I was born in London, grew up in London and have lived in London nearly all of my adult life. I know that London can be one of the most exhilarating places in the world. There are ways to work, rest and play in London that you just don’t find anywhere else. But I also know that, for many, London is becoming unaffordable, and for many more it remains a frustrating and difficult city.
Amid the enormous opportunities on offer in London, we have to take on London’s enormous challenges. A quarter of our young people are unemployed – the highest in the country. That demands a response that is more creative and determined than the current offer. Job centres aren’t working and the work programme is a mess. Young people should be able to design their own services. Meanwhile, we need to get behind London’s job creators with a proper industrial strategy. This needs the mayor leading from the front, not just publishing ‘vision’ documents without any sense of what needs to be done.
A key part of that strategy must be renewing London’s infrastructure. Anybody who has spent a tube journey with their head in a fellow passenger’s armpit knows that we desperately need investment in London’s transport. Boris knows this, and his answer is that passengers should pay for it, which is why Londoners pay twice as much for transport as Romans or madrileños. We have to be clear about who will pay for increased investment in our tube, rail, cycle lanes and buses, while keeping fares affordable. We also have to keep the pressure up for new routes, as we are doing through the all-party parliamentary group on Crossrail 2 which I chair.
Increasingly businesses also recognise the importance of housing: the people who make our city work must be able to live there. Yet, currently 300,000 people sit on London councils’ housing waiting lists and rents in London are rising eight times faster than wages. We all agree that we have to build more homes, but nobody wants to talk about where they will go. We have to level with people – the homes will be built upwards or outwards. We accept more tower blocks or we discuss building on the parts of the green belt that do not live up to the name. The commission on London housing that I have set up with the help of the Royal Town Planning Institute will help us to come up with these answers.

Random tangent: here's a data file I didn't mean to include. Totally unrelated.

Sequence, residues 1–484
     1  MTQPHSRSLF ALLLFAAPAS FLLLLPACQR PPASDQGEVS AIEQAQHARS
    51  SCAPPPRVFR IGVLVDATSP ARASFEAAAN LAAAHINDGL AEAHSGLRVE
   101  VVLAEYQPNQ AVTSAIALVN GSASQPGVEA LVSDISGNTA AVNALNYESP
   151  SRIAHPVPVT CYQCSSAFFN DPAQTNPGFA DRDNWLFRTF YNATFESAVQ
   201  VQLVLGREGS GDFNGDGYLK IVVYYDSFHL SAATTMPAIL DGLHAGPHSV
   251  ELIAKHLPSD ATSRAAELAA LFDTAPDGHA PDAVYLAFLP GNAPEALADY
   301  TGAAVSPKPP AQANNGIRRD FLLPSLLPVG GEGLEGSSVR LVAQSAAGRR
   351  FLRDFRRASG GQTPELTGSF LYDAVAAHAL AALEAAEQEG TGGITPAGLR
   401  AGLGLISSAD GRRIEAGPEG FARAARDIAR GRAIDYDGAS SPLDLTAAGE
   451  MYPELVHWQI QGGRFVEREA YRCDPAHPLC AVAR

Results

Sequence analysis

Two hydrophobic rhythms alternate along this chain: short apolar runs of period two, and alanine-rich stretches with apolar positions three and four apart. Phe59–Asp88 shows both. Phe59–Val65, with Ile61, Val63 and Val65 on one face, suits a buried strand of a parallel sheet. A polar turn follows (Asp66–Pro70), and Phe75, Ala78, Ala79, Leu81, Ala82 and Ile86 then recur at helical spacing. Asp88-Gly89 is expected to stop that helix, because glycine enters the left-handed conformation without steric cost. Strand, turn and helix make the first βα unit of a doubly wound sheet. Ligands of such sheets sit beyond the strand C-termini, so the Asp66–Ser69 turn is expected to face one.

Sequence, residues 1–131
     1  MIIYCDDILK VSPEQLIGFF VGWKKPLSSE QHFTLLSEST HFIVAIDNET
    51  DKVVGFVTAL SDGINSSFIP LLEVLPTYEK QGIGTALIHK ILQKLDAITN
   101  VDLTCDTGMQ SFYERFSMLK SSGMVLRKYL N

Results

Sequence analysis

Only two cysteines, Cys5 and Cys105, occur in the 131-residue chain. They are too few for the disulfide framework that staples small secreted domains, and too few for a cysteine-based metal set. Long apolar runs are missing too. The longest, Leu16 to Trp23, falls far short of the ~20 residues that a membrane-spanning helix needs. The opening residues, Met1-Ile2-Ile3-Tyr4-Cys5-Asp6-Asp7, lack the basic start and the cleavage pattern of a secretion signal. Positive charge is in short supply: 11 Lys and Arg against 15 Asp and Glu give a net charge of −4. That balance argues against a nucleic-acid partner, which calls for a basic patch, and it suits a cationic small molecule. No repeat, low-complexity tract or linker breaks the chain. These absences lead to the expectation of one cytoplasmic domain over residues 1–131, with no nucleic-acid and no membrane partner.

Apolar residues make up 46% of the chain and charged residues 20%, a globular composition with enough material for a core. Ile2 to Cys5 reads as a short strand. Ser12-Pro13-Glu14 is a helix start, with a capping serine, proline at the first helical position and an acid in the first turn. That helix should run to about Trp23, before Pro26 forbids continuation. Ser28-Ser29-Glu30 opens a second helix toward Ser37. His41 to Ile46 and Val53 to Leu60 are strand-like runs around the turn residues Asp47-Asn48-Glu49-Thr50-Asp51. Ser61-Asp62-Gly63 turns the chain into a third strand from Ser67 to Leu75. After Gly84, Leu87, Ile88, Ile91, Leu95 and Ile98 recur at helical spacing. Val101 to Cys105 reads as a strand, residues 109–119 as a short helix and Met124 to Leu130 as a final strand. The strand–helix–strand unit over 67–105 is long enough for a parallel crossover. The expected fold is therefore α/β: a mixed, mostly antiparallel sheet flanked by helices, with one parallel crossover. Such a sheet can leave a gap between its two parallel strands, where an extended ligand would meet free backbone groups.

Perhaps most importantly of all, Londoners need to know how Labour can help keep them safe. Boris Johnson has reduced frontline police numbers by 2,300, meaning smaller neighbourhood policing teams and fewer officers on the beat. We should pledge to reverse those cuts, and should be honest with London taxpayers that this would cost us each around 50p extra a week. This is a price worth paying to maintain the enormous reductions in crime that London has enjoyed for two decades.
I have made no secret that I am seriously considering running for mayor. We deserve better leadership than we currently get from a Daily Telegraph columnist who would rather be prime minister. Labour needs a London figurehead to take us through the local elections next year, the general election in 2015 and on to the mayoral poll. Whoever runs and ultimately represents the Labour movement must be able to bring London together through affordable housing, modernised transport, safe streets and decent jobs. If we do that, then this great city will finally work for all Londoners.
Progressive centre-ground Labour politics does not come for free.
Our work depends on you.